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2xBlown
02-21-2009, 10:33 PM
Hello Dolphin brothers and sisters. I'm flying out from Vancouver to Florida on March 14 for a week. I'll be staying in Marco Island at a friend's place, but will be making trips to Miami, Key West and Disney World.

Its my first time in the Miami area and sadly its not during football season. Nevertheless, I'm going to make a point of dropping by Dolphins Stadium. Perhaps the locals can give me some more ideas on Dolphins related activities or just some cool things to check out.

CedarPhin
02-21-2009, 11:15 PM
Stay at the Clevelander.

Best. Hotel. Ever.

BARF
02-21-2009, 11:58 PM
visit south beach

CedarPhin
02-22-2009, 12:55 AM
Yeah, the Clevelander is right down on South Beach. You can't miss it.

Miamian
02-22-2009, 04:30 AM
South Beach is great, but if you stay there, particularly on Ocean Drive or Washington Avenue and particularly at a hotel like the Clevelander with its all-night packed bar, you won't sleep unless you're the kind that could sleep through a volcanic eruption.

If you need something quieter consider going a bit farther north and maybe along the Intracoastal.

While you're in Miami, there's lots to do. South Beach is more of a people-watching beach. If you want something more, but not completely pristine, try Crandon Park on Key Biscayne. Farther south, you also have Matheson Hammock with a really interesting tropical hardwood hammock in its natural state.

Coconut Grove is also a nice and interesting place to walk around and shop. Another that isn't quite as developed and still had a lot of artists when I was there last is the Art and Design District, known locally as the Design District.

If you want to experience Latin culture, then go to Little Havana, which centers on Calle Ocho (8th Street). You could go to Little Haiti for Haitian culture, although I don't know how developed it is as of now. It was starting to develop but my guess is that it's still pretty gritty.

Museums:
Historical Museum of Southern Florida in Downtown Miami. It's really cool. The architecture of the plaza there is an affront.

Vizcaya Museum and Gardens: What many consider Miami's crown jewel. It was the estate of James Deering who built a tractor-based economic empire. Interesting mansion which reflects his eccentricity and beautiful Italian-style gardens.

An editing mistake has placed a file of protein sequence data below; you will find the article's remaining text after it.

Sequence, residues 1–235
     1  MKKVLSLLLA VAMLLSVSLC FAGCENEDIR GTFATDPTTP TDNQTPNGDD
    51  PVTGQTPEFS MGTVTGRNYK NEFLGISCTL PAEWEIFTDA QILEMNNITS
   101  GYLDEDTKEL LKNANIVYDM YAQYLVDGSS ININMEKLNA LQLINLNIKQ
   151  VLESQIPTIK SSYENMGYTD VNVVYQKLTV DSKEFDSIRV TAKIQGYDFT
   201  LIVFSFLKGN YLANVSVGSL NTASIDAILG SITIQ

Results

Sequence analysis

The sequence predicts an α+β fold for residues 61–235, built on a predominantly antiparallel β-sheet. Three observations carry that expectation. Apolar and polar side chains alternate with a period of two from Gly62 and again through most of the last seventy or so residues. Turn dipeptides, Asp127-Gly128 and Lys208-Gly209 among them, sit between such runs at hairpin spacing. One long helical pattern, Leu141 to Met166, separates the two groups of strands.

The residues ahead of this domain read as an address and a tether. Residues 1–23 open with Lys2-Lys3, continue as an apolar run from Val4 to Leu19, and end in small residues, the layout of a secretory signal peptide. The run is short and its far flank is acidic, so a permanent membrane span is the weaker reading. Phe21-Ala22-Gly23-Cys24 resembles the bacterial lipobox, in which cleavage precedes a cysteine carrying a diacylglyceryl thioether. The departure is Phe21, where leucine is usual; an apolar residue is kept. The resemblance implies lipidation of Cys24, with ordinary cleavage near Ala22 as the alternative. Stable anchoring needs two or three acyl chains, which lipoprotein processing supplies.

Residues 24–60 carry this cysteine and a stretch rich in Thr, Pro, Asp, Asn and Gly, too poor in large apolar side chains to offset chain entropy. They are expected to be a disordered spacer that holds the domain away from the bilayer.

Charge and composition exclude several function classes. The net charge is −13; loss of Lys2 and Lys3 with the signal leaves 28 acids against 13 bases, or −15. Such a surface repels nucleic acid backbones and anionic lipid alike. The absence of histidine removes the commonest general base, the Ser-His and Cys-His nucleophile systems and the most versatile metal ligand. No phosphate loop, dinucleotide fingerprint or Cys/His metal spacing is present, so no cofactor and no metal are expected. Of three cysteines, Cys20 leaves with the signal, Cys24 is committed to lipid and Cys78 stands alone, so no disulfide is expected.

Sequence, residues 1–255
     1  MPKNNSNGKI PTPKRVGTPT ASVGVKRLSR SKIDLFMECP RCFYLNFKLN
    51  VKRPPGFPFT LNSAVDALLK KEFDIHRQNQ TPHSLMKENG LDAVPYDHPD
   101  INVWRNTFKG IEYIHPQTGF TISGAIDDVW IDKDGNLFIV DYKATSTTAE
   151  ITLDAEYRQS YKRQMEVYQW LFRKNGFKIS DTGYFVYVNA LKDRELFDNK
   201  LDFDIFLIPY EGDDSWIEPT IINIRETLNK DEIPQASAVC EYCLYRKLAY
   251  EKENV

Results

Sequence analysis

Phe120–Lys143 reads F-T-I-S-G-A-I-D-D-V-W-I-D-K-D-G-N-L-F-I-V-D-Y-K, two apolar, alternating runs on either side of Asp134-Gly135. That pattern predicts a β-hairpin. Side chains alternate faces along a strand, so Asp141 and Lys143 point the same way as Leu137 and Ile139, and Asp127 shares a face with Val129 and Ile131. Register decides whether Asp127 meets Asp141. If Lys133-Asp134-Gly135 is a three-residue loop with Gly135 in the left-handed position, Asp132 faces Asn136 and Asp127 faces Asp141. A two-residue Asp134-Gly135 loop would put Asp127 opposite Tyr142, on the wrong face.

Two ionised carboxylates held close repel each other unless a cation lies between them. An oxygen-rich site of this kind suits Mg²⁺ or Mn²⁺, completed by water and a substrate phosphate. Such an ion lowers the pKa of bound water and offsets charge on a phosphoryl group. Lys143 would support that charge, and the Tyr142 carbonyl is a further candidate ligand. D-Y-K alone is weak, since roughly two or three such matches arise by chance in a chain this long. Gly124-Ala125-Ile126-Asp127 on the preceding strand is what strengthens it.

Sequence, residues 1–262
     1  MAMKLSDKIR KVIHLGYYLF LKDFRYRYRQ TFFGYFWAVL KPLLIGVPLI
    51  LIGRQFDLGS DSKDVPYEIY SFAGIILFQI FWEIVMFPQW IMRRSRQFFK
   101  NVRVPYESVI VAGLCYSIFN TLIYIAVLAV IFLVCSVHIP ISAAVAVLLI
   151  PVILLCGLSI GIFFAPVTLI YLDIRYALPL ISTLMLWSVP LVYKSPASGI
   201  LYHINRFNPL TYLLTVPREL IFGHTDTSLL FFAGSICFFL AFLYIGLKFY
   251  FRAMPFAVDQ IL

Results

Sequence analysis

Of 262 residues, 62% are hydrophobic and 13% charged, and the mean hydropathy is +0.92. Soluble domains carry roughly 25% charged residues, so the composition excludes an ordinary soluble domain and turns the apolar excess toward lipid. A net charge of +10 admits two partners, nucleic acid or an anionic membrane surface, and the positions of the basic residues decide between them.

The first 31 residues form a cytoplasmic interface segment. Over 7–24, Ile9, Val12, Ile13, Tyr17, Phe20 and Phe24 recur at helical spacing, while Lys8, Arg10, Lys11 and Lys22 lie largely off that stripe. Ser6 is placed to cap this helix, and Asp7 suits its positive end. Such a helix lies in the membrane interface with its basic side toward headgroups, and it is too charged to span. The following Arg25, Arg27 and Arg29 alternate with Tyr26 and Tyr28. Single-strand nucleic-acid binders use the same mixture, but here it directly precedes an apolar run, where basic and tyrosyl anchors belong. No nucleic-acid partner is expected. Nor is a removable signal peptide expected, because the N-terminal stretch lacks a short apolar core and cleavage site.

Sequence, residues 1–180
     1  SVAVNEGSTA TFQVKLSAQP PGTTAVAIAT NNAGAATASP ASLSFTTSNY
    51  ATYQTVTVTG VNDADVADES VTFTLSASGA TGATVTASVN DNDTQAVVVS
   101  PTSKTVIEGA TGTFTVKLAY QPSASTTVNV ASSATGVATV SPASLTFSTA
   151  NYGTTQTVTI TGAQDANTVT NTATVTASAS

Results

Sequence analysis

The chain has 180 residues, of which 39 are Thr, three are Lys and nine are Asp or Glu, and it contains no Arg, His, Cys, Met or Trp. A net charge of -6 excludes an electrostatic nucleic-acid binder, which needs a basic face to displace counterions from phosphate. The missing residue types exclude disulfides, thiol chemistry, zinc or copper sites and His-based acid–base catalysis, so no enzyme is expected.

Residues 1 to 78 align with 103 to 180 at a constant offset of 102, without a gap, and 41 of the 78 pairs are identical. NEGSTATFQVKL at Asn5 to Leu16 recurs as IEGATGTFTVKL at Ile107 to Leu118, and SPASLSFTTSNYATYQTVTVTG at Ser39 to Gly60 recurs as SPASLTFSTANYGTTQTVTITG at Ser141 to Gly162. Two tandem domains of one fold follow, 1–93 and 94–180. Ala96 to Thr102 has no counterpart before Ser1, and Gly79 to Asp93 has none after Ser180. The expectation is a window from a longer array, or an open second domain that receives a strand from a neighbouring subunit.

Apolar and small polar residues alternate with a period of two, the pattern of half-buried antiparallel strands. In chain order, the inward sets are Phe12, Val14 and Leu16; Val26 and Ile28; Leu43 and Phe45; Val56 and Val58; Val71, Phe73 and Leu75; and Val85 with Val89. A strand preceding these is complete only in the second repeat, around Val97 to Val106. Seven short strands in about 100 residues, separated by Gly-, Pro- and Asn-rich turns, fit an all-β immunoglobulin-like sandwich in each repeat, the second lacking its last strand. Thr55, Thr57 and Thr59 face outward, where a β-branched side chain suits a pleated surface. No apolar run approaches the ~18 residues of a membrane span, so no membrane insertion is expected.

Spanish Monastery: In North Miami Beach, it's the oldest building in the United States. It's an actual 12-century monastery from Spain that was disassembled, shipped over to Miami, and then rebuilt.

Parrot Jungle Island: I've only been there when it was more modest and located in the suburbs, it's been developed near Downtown and has parrot shows with parrots doing tricks and has lush gardens.

Freedom Tower: A replica of a tower in Giralda, Spain, it was originally the Miami News tower and served as the central processing center for Cuban refugees after the Revolution. It's been in and out of development.

Brickell Avenue: It's got interesting architecture, but it's essentially a lot of banks on one segment and mostly residential on another. That's where the building with the palm tree from Miami Vice is located.

2xBlown
02-24-2009, 01:10 PM
South Beach is great, but if you stay there, particularly on Ocean Drive or Washington Avenue and particularly at a hotel like the Clevelander with its all-night packed bar, you won't sleep unless you're the kind that could sleep through a volcanic eruption.

If you need something quieter consider going a bit farther north and maybe along the Intracoastal.

While you're in Miami, there's lots to do. South Beach is more of a people-watching beach. If you want something more, but not completely pristine, try Crandon Park on Key Biscayne. Farther south, you also have Matheson Hammock with a really interesting tropical hardwood hammock in its natural state.

Coconut Grove is also a nice and interesting place to walk around and shop. Another that isn't quite as developed and still had a lot of artists when I was there last is the Art and Design District, known locally as the Design District.

If you want to experience Latin culture, then go to Little Havana, which centers on Calle Ocho (8th Street). You could go to Little Haiti for Haitian culture, although I don't know how developed it is as of now. It was starting to develop but my guess is that it's still pretty gritty.

Museums:
Historical Museum of Southern Florida in Downtown Miami. It's really cool. The architecture of the plaza there is an affront.

Vizcaya Museum and Gardens: What many consider Miami's crown jewel. It was the estate of James Deering who built a tractor-based economic empire. Interesting mansion which reflects his eccentricity and beautiful Italian-style gardens.

Spanish Monastery: In North Miami Beach, it's the oldest building in the United States. It's an actual 12-century monastery from Spain that was disassembled, shipped over to Miami, and then rebuilt.

Parrot Jungle Island: I've only been there when it was more modest and located in the suburbs, it's been developed near Downtown and has parrot shows with parrots doing tricks and has lush gardens.

Freedom Tower: A replica of a tower in Giralda, Spain, it was originally the Miami News tower and served as the central processing center for Cuban refugees after the Revolution. It's been in and out of development.

Brickell Avenue: It's got interesting architecture, but it's essentially a lot of banks on one segment and mostly residential on another. That's where the building with the palm tree from Miami Vice is located.


Thats a great list. Thank you very much. I'll make sure to take as much in as I can.